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Breaking: WikiLeaks Now Opposed to Leaks

Nothing is real and everything is possible.

By and , a diplomacy and national security reporter at Foreign Policy.
assange-crop

There should be some things in the world on which you can utterly rely. The sky is blue. The earth is an oblate spheroid. The Washington football team will disappoint. WikiLeaks likes leaks.

Apparently not.

https://twitter.com/wikileaks/status/817322050297745408

There should be some things in the world on which you can utterly rely. The sky is blue. The earth is an oblate spheroid. The Washington football team will disappoint. WikiLeaks likes leaks.

Apparently not.

Lest you think this is entirely hypocritical, WikiLeaks later clarified that they are not against leaks, but rather pseudo-leaks.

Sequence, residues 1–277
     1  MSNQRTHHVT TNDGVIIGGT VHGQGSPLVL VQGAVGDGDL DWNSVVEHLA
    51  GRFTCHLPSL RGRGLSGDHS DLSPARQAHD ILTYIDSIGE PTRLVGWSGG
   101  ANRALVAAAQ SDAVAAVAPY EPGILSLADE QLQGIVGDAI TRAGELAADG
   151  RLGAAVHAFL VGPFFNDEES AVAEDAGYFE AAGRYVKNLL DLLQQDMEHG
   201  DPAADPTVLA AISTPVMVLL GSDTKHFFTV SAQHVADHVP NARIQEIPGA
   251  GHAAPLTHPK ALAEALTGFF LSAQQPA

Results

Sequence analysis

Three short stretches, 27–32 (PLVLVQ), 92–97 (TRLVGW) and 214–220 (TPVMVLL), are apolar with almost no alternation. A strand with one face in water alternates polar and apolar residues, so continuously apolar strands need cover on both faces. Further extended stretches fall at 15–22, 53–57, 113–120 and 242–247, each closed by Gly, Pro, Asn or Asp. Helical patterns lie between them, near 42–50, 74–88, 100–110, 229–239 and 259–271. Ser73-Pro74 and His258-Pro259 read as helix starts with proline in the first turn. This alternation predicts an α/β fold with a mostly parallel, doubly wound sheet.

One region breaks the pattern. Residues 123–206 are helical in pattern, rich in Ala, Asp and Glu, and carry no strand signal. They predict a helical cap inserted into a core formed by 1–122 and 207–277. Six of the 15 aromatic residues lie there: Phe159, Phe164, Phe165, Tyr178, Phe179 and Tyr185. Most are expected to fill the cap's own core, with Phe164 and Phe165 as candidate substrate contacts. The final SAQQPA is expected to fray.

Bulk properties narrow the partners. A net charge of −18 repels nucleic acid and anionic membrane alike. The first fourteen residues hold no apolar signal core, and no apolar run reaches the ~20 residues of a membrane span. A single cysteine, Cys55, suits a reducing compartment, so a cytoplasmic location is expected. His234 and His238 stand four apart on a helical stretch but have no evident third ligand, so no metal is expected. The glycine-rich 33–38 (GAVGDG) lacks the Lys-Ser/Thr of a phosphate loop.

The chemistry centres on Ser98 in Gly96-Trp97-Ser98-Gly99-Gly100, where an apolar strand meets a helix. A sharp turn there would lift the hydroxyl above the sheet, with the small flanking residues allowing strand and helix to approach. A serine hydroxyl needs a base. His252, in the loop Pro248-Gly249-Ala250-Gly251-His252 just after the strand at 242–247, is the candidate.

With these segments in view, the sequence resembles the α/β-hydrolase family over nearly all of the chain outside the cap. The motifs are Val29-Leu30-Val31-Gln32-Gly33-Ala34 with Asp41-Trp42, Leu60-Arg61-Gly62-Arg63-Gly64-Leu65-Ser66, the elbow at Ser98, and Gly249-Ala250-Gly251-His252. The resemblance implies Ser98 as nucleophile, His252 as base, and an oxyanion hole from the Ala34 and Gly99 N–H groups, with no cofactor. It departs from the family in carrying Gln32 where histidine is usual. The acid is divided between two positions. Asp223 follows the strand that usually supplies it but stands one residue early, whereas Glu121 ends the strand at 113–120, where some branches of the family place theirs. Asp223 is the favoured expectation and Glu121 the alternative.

If a leak benefits the current White House, it is a pseudo-leak. If it benefits the Kremlin, however, it is just a good, old-fashioned, noble leak.

Trump, for his part, took to Twitter to call for a congressional investigation — not of the Russian interference in the election, but rather the leaking of that intel to NBC News.

It’s not the first time Trump’s asked for some investigative help. On the campaign trail, he urged Russia to hack his Democratic rival Hillary Clinton, who was embroiled in a scandal over using a private email server during her tenure as Secretary of State. Russia, it appears, was all too happy to comply.

He hasn’t called for a follow-on investigation into the hacking and leaking of Democratic emails, though it appears the Senate has him covered. But then, those were evidently leaks, not pseudo-leaks.

Photo credit: Tolga Akmen/Anadolu Agency/Getty Images

Emily Tamkin is the U.S. editor of the New Statesman and the author of The Influence of Soros, published July 2020. Twitter: @emilyctamkin

Robbie Gramer is a diplomacy and national security reporter at Foreign Policy. Twitter: @RobbieGramer

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